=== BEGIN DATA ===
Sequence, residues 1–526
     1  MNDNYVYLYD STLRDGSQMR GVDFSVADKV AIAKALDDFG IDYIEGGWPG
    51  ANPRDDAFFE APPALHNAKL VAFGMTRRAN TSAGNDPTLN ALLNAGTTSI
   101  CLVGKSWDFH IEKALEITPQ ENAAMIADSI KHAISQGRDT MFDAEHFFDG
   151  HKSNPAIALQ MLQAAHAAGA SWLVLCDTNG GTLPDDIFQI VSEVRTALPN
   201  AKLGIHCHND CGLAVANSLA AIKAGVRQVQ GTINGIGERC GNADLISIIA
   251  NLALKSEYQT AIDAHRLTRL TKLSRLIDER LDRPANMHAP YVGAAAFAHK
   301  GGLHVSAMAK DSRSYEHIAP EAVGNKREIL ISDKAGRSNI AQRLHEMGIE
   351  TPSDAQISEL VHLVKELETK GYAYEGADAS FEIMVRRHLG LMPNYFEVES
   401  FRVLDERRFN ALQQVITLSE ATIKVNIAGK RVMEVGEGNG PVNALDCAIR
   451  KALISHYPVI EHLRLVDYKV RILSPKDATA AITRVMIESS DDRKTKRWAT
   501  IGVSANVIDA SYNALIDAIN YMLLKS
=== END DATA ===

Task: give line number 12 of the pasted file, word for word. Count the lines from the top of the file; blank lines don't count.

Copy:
   501  IGVSANVIDA SYNALIDAIN YMLLKS